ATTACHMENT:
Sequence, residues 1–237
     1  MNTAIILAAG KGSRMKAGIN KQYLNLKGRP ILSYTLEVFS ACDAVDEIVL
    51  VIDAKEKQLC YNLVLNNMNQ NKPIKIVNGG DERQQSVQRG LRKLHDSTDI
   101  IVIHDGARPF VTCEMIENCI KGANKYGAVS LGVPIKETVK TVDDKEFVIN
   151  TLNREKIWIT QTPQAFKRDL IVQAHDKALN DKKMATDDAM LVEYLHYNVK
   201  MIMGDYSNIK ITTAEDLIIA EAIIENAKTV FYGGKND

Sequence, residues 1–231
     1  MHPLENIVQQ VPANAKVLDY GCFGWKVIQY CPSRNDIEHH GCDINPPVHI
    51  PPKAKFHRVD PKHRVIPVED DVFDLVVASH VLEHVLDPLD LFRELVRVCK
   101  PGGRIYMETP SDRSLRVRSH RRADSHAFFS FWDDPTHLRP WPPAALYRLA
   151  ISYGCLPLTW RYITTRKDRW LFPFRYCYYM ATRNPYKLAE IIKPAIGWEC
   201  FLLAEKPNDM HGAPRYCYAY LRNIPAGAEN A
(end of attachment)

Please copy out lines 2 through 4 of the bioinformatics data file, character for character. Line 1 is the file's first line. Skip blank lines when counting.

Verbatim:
     1  MNTAIILAAG KGSRMKAGIN KQYLNLKGRP ILSYTLEVFS ACDAVDEIVL
    51  VIDAKEKQLC YNLVLNNMNQ NKPIKIVNGG DERQQSVQRG LRKLHDSTDI
   101  IVIHDGARPF VTCEMIENCI KGANKYGAVS LGVPIKETVK TVDDKEFVIN